Anyone that has read my blog before has probably read some of my rants about doctors, especially when it comes to gastroparesis. It wasn’t even the fact that they did nothing to help me; it was the fact that they treated me like I was causing the problem even though they knew I had gastroparesis.
Over the weekend, I received a message thru the Contact Me form on my blog. I cried when I read her message. She has gastroparesis and another health problem. The gastroparesis and bouncing blood sugars compound any other problems and she has been thru a lot in trying to deal with health problems.
She was put on Regular insulin. Regular insulin seems to be the insulin of choice for doctors with gastroparesis because it is slow. It might be slow, but it also stays in your system for 6+ hours. Besides food being slow to digest, whatever you treat your lows with will be sitting in your stomach with all the undigested food and you will be fighting lows for hours. When I was in the hospital, nurses would always be puzzled because they would give me something to treat the low and I would be even lower when they came back to check again. That is a very common scenario with gastroparesis. If you have insulin floating around in your system for 6+ hours and food going nowhere, what do you really think is going to happen?
Last fall, I had a one-time visit to a new endo. She complemented me on my A1c then turned around and criticized the fact that I was using Apidra with gastroparesis. I might have decent A1cs because Apidra works for me and gets out of my system fast. But no, I should change to something that is going to hang around in my system for 6+ hours causing even more lows.
This woman was having very bad lows, which included seizures. Of course like so many of us, the finger was pointed at her. Her doctors actually told her family that she was deliberating causing the lows. WTF? Do they even know what the definition of gastroparesis is?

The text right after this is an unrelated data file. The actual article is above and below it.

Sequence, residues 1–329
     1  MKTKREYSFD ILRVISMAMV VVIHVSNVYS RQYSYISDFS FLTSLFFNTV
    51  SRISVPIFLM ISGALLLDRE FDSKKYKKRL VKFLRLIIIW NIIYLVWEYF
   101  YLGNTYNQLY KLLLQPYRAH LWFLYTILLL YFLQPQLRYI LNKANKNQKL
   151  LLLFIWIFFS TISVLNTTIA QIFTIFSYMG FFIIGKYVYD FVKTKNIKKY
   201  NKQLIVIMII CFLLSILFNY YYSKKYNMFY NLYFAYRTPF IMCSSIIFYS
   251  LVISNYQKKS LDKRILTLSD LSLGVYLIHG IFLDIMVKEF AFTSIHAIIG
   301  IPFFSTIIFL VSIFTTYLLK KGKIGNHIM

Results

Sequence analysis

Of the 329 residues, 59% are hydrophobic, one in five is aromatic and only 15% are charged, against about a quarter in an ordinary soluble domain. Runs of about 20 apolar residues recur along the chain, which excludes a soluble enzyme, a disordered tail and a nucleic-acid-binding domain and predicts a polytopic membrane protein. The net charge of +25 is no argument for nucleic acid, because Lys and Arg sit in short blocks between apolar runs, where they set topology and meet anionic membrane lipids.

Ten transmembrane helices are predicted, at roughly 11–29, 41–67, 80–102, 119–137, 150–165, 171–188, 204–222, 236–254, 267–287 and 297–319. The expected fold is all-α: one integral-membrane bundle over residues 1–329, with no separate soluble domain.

Gastroparesis is a condition in which the muscles in your stomach don’t function normally.
Ordinarily, strong muscular contractions propel food through your digestive tract. But in gastroparesis, the muscles in the wall of your stomach work poorly or not at all. This prevents your stomach from emptying properly. Gastroparesis can interfere with digestion, cause nausea and vomiting, and play havoc with blood sugar levels and nutrition.
Play havoc with blood sugar levels – what part of that do doctors not understand? I don’t think you need to be a rocket scientist to figure out what that means. I get that doctors might not know how to help a patient with gastroparesis but why blame the patient because you don’t know how to help them? Whatever happened to the Hippocratic Oath?
I will apply, for the benefit of the sick, all measures which are required, avoiding those twin traps of overtreatment and therapeutic nihilism.
I will remember that there is art to medicine as well as science, and that warmth, sympathy, and understanding may outweigh the surgeon’s knife or the chemist’s drug.
I will not be ashamed to say “I know not,” nor will I fail to call in my colleagues when the skills of another are needed for a patient’s recovery.
If you don’t know how to help someone, then say so. Quit being an arrogant jerk and blaming your patients because you don’t know how to help them. I truly hope that there is a special place in h*ll for some of these doctors.